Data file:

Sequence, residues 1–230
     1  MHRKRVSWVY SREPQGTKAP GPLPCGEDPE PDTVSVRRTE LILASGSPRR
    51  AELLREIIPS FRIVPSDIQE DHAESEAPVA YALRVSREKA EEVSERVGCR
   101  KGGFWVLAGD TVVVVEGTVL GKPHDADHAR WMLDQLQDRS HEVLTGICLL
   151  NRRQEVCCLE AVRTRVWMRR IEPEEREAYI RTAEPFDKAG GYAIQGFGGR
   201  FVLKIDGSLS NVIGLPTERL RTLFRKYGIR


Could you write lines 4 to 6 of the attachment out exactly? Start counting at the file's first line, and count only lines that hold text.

   101  KGGFWVLAGD TVVVVEGTVL GKPHDADHAR WMLDQLQDRS HEVLTGICLL
   151  NRRQEVCCLE AVRTRVWMRR IEPEEREAYI RTAEPFDKAG GYAIQGFGGR
   201  FVLKIDGSLS NVIGLPTERL RTLFRKYGIR